# Why is $\lim_{x\to0}\frac{2-\sqrt{4-x}}{x} = \frac{1}{4}$?

$$\lim_{x\to0} \frac{2-\sqrt{4-x}}{x} = \frac{1}{4}$$

Whether completing-the-square nor adding-zero helped me converting this equation into something useful. In the end, there is always one $x$ that 'zeros' my terms. I'm sure I've tried every possible trick I know. Still, there must be some technique left. What did I miss?

• Notice that $2^2-4=0$ ;) – Mann Dec 31 '14 at 11:22
• Multiply both numerator and denominator by $2+\sqrt{(4-x)}$ – Volodymyr Fomenko Dec 31 '14 at 11:23
• @user1511417 It does – Alice Ryhl Dec 31 '14 at 11:24
• How many more answers saying the same thing do we need? – Alice Ryhl Dec 31 '14 at 11:27
• Just a note: $2+\sqrt{4-x}$ is called the conjugate of $2-\sqrt{4-x}$ (so just the - changed into a +). This multiplication results in a product of the form $(a+b)*(a-b)=a^2-b^2$, which is a lot easier to deal with. – Dasherman Dec 31 '14 at 11:28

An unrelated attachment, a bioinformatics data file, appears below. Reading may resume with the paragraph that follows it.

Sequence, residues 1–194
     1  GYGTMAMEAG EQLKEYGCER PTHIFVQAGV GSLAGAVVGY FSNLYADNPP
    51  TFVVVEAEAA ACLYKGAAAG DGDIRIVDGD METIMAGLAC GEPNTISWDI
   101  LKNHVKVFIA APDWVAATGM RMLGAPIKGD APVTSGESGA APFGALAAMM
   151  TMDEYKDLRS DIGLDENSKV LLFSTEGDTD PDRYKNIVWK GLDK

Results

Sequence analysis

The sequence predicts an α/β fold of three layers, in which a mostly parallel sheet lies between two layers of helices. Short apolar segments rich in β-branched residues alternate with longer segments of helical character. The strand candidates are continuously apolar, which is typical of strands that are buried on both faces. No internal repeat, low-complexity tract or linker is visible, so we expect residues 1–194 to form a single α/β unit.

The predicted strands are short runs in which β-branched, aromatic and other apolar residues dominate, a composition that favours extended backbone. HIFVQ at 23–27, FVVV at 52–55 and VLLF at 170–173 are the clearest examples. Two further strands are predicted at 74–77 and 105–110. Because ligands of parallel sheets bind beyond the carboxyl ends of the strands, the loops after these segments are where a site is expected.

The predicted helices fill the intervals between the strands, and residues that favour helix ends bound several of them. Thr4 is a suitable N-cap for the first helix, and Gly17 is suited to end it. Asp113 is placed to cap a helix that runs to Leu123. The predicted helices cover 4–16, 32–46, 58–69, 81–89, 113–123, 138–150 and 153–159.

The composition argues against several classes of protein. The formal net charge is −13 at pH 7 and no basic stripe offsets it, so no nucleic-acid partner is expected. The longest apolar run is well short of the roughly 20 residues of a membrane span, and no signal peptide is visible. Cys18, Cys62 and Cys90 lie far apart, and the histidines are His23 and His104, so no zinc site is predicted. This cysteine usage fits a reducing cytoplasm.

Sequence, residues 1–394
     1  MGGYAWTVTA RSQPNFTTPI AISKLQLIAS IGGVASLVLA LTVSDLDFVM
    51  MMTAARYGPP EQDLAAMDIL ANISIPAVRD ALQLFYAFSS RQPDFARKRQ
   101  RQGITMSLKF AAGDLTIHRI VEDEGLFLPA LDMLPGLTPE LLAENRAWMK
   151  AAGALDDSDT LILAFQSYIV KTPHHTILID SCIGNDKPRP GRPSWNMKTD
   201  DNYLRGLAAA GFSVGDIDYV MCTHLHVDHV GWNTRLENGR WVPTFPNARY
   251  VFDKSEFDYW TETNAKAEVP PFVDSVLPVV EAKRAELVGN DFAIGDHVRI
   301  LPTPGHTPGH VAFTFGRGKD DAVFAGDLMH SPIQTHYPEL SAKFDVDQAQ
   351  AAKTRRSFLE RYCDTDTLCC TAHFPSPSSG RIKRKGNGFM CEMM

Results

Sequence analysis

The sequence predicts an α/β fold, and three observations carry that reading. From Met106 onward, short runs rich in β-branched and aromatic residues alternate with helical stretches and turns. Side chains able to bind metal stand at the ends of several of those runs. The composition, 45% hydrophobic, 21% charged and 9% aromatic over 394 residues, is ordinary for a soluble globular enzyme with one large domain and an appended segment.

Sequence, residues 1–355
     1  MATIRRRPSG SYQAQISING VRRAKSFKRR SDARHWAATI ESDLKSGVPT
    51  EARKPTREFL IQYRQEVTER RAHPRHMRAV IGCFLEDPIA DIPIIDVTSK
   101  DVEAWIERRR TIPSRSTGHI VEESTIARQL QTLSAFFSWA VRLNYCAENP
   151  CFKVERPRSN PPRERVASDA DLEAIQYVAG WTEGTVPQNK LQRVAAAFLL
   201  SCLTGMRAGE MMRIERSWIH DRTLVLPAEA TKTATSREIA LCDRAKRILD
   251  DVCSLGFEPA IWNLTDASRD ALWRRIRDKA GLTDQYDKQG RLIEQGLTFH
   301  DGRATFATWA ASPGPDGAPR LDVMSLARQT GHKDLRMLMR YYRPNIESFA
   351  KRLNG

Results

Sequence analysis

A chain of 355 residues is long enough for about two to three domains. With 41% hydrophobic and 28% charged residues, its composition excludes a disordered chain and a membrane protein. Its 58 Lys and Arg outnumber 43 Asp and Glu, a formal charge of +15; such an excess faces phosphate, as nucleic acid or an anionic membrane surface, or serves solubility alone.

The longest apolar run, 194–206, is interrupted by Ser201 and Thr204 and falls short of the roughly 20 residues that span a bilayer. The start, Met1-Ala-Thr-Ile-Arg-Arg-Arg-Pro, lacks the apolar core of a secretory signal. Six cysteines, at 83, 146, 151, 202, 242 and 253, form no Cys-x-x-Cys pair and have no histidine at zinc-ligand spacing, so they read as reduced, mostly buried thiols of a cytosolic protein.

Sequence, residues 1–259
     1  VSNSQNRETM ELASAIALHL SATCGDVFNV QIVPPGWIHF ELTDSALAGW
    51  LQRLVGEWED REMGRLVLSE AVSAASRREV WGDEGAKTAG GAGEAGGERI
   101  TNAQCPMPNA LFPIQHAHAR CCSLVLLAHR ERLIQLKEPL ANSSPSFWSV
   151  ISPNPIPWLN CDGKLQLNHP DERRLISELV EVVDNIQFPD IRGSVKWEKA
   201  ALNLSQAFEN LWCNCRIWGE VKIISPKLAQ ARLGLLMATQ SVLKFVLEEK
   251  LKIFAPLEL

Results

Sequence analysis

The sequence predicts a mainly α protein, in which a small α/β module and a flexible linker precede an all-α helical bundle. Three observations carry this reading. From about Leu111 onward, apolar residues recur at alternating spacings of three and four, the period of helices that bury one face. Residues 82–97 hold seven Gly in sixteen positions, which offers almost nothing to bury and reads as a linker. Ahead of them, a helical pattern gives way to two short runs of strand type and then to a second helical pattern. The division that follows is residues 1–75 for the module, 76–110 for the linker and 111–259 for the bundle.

$$\frac{2-\sqrt{4-x}}{x}=\frac{2-\sqrt{4-x}}{x}\frac{2+\sqrt{4-x}}{2+\sqrt{4-x}}=\frac{2^2-(4-x)}{x\cdot(2+\sqrt{4-x})}=\frac{1}{2+\sqrt{4-x}}$$

• Hm? 2² - 4 - 0 is 0 and 0*(2+....) is also 0 – user1511417 Dec 31 '14 at 11:28
• @user1511417 The 4s cancel on the numerator to 0, and then the $x$ on top and bottom cancel – Alice Ryhl Dec 31 '14 at 11:31
• Ah I see your point. .. ok – user1511417 Dec 31 '14 at 11:33

Let $y>0$ be such that $y^2=4-x$, then $$\lim_{x\to 0}\frac{2-\sqrt{4-x}}x=\lim_{y\to 2}\frac{2-y}{4-y^2}=\lim_{y\to 2}\frac{2-y}{(2-y)(2+y)}=\lim_{y\to 2}\frac1{2+y}=\frac14$$

• That's an interesting method. – user1511417 Dec 31 '14 at 11:35
• Gosh! This is ingenious! – user1511417 Dec 31 '14 at 11:42

You can use $(a+b)(a-b) = a^2-b^2$ and get

$$\lim_{x\to 0} \frac{4-4+x}{x(2+\sqrt{4-x})} = \lim_{x \to 0} \frac{1}{2+\sqrt{4-x}}.$$

Hint:

Do you see why this limit is the same of

$$\lim \limits_{x \rightarrow 0}\frac{1}{2+ \sqrt{4-x}}?$$

• No, I am sorry. – user1511417 Dec 31 '14 at 11:26
• See Volodymyr's comment. – Alex Silva Dec 31 '14 at 11:27